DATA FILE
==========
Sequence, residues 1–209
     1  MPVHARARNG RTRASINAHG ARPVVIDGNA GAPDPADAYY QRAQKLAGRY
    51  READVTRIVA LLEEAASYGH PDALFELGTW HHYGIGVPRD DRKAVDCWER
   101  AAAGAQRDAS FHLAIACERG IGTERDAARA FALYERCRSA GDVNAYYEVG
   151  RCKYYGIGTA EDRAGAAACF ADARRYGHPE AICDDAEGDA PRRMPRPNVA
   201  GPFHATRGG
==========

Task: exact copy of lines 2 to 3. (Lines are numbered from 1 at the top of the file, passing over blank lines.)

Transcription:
     1  MPVHARARNG RTRASINAHG ARPVVIDGNA GAPDPADAYY QRAQKLAGRY
    51  READVTRIVA LLEEAASYGH PDALFELGTW HHYGIGVPRD DRKAVDCWER